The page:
9. I see where you are coming from, but just like in road cycling, the teams does not necessarily have to be made up of only three riders....the younger up and coming riders can still be racing in the national and euro cup circuits. When you get your chance to race a WC when someone is injured, you just have to take it. A lot of the riders outside of the top fifty are self funded anyway, and few of them ever get a paid ride. Imagine a Sky DH team made up of 10 paid riders. Number 9 and 10 in this team might not race world cups, or earn much, but at least they will have some support and they'll learn from some of the best riders on the circuit. The alternative is sleeping in an old van hoping for a miracle race run somewhere in the future.
  10. My five cents. This weekend's damp squib race and all the "hype" around 29ers showed how flawed the the current WC set up is. World Cup Downhill racing needs a Kerry Packard- World Series Cricket type shake up. (Without going into the details, he almost single handedly changed the way cricket was played, marketed and how much cricket players got paid by starting a rebel series not endorsed by the ICC) What Brendog said last year makes sense in a lot of ways: Fewer riders, getting more TV exposure, corporate sponsors, more races. The reason there is almost no corporate sponsorship for the World Cup teams, is because the sponsors does not get enough exposure. By showing more of each rider's race run, and having more races per calendar year, will bring more money into the sport. MX racing has proved that point: more races, more TV time, crowds etc means more money. The entertainment factor is also well below par. While most of us on this forum love to see world class riders ripping through rock gardens, or negotiating a tricky rock drop, the average viewer is a lot more impressed with huge jumps over roads and rivers. How many of those did we see on Sunday: Nada. They chose to show us none of the jump line. Funny how huge crowds go and watch MX riders hitting the same jumps again and again. If they want to increase the viewership and interest from the wider public, the broadcaster needs to cater for them. Say for arguments sake only 20-30 riders had to race on Sunday. The best riders would have ridden in similar conditions. ( The track did deteriorate quite quickly, so some riders would have had an advantage anyway.) Do not get me wrong. I have no problems with the riders who does not regularly make the top fifty, but unfortunately that's how pro sports work. Not every pro road cyclist gets to race in the Tour. This is what I would like to see: Fifteen teams, 3 riders each. Twenty/ Twenty five riders race on Sunday. No protected riders. Twelve to fifteen races a year. ( They can race all the races in Europe for what I care, I just want to watch more races.) Everybody on similar bikes for that season. ( The same wheel size comes to mind.) And finally: The UCI give the teams a much bigger stake in the sport, or just leave DH to regulate it self.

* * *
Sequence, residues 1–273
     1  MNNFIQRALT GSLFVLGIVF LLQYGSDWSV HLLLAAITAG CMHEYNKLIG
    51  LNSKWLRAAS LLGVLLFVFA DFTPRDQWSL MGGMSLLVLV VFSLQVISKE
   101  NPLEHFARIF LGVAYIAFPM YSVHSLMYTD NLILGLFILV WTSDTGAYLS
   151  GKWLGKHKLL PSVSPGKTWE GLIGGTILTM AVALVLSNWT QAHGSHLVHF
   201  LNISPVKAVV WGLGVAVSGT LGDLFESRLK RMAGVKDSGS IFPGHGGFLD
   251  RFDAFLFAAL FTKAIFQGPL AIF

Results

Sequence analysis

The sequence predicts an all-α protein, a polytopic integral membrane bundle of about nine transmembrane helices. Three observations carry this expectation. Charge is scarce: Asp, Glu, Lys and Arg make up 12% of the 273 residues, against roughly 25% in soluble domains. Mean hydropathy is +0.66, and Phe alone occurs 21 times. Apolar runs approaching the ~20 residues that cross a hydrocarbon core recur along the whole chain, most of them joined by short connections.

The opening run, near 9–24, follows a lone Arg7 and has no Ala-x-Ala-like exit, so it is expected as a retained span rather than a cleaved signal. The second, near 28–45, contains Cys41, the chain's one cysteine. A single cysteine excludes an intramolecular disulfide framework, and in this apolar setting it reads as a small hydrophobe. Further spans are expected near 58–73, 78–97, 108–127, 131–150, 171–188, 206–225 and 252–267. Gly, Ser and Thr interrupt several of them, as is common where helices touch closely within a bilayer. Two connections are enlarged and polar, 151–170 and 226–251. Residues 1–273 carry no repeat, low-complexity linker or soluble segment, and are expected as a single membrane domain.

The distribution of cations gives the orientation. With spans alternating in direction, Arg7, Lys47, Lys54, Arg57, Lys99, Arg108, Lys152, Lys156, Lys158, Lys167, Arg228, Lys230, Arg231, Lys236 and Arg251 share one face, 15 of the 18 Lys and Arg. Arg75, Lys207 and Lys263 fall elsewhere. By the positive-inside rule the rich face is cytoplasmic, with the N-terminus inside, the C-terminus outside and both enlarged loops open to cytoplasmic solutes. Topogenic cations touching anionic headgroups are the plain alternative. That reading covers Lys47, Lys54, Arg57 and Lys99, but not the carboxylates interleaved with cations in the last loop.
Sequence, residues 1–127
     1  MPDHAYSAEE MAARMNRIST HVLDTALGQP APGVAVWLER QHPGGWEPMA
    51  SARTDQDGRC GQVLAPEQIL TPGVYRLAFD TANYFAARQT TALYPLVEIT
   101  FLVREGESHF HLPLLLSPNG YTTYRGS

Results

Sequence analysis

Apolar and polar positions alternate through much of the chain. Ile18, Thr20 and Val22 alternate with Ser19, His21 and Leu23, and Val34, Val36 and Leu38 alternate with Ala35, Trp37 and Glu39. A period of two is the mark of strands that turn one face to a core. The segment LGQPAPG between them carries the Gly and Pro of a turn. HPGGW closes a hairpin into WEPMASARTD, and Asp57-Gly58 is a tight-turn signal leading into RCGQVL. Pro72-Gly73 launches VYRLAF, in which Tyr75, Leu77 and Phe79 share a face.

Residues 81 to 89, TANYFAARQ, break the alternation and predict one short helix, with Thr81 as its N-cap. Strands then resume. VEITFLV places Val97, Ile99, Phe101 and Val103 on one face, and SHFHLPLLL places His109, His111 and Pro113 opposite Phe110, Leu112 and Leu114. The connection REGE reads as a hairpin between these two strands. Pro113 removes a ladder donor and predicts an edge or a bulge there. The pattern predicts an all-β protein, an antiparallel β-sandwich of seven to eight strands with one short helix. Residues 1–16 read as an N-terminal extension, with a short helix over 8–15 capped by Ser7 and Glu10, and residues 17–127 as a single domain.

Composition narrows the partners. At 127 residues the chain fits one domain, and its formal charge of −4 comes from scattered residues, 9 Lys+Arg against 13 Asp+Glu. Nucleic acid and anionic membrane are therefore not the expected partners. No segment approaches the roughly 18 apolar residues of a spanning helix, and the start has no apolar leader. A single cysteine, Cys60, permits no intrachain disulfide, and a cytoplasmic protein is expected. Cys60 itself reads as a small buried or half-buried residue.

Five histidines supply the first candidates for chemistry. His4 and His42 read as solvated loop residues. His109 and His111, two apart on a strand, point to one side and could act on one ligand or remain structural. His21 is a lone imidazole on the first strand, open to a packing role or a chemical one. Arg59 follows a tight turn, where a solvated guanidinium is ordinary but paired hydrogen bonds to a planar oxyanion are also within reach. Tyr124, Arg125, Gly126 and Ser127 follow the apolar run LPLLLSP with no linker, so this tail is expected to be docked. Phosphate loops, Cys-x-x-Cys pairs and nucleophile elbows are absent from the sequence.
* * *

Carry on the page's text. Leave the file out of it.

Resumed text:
11. Join the Dirt Merchant ride on Wednesdays / Fridays and Saturdays. It starts from Dirt Merchant in Craighall, and it's a chilled bunch of trail riders who likes to session jumps. If you're lucky you might even get a post ride beer at 8:30am....
  12. Please contact Phia at Dirt Merchant in Craighall, she might be able to help you. 011 326 4737
  13. I think the Switchblade is a great helmet for Enduro racing. You really want to push yourself on challenging terrain and want an open face for the climbs. For trail riding in the Spruit or 40deg+ days at Hoogekraal ( I should get up earlier) , no. But to elaborate: I have a Fox Rampage MIPS, the Bell Super 2R and a normal trail lid. If the trail features are intimidating or on DH tracks: The Fox. Everyday riding: my normal trail lid....where does the Bell come in? Enduro races. Only because they do not allow us to climb with our caps and dh with our full face helmets. I think this rule is actually detrimental to safety, as most people just take one helmet: their trail lids. That's why the Leat is my choice. You have a DH rated full face and a trail lid in one.
  14. She fell on a rock, and the chin guard was attached. If she was wearing her full face, there would have been no injury. The Bell is cut to high over the ear...unlike the Giro Switchblade
  15. My wife and I both have the Bell. Loved it....until she fell in an Enduro race and cut open her head ABOVE her ear. Lost all faith in the amount of protection these helmets give. We're getting the Leat next year.